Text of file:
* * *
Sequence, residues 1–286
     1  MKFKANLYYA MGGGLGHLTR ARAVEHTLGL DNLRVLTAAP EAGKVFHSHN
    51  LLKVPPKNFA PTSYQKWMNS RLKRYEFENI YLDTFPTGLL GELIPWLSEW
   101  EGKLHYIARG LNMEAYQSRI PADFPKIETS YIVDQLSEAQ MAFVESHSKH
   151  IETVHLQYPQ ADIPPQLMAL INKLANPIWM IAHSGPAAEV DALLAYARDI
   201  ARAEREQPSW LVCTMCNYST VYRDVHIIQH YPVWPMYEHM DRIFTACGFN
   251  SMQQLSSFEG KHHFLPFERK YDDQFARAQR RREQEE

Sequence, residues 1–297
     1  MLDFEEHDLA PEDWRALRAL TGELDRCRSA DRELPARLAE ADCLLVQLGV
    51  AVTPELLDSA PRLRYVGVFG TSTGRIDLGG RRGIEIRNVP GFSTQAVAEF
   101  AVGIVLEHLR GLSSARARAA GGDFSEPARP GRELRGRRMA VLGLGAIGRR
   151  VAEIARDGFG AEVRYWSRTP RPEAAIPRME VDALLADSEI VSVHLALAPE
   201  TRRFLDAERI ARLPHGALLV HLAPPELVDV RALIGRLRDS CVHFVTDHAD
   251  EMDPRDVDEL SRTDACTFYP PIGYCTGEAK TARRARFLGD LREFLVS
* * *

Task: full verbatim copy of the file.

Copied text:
Sequence, residues 1–286
     1  MKFKANLYYA MGGGLGHLTR ARAVEHTLGL DNLRVLTAAP EAGKVFHSHN
    51  LLKVPPKNFA PTSYQKWMNS RLKRYEFENI YLDTFPTGLL GELIPWLSEW
   101  EGKLHYIARG LNMEAYQSRI PADFPKIETS YIVDQLSEAQ MAFVESHSKH
   151  IETVHLQYPQ ADIPPQLMAL INKLANPIWM IAHSGPAAEV DALLAYARDI
   201  ARAEREQPSW LVCTMCNYST VYRDVHIIQH YPVWPMYEHM DRIFTACGFN
   251  SMQQLSSFEG KHHFLPFERK YDDQFARAQR RREQEE

Sequence, residues 1–297
     1  MLDFEEHDLA PEDWRALRAL TGELDRCRSA DRELPARLAE ADCLLVQLGV
    51  AVTPELLDSA PRLRYVGVFG TSTGRIDLGG RRGIEIRNVP GFSTQAVAEF
   101  AVGIVLEHLR GLSSARARAA GGDFSEPARP GRELRGRRMA VLGLGAIGRR
   151  VAEIARDGFG AEVRYWSRTP RPEAAIPRME VDALLADSEI VSVHLALAPE
   201  TRRFLDAERI ARLPHGALLV HLAPPELVDV RALIGRLRDS CVHFVTDHAD
   251  EMDPRDVDEL SRTDACTFYP PIGYCTGEAK TARRARFLGD LREFLVS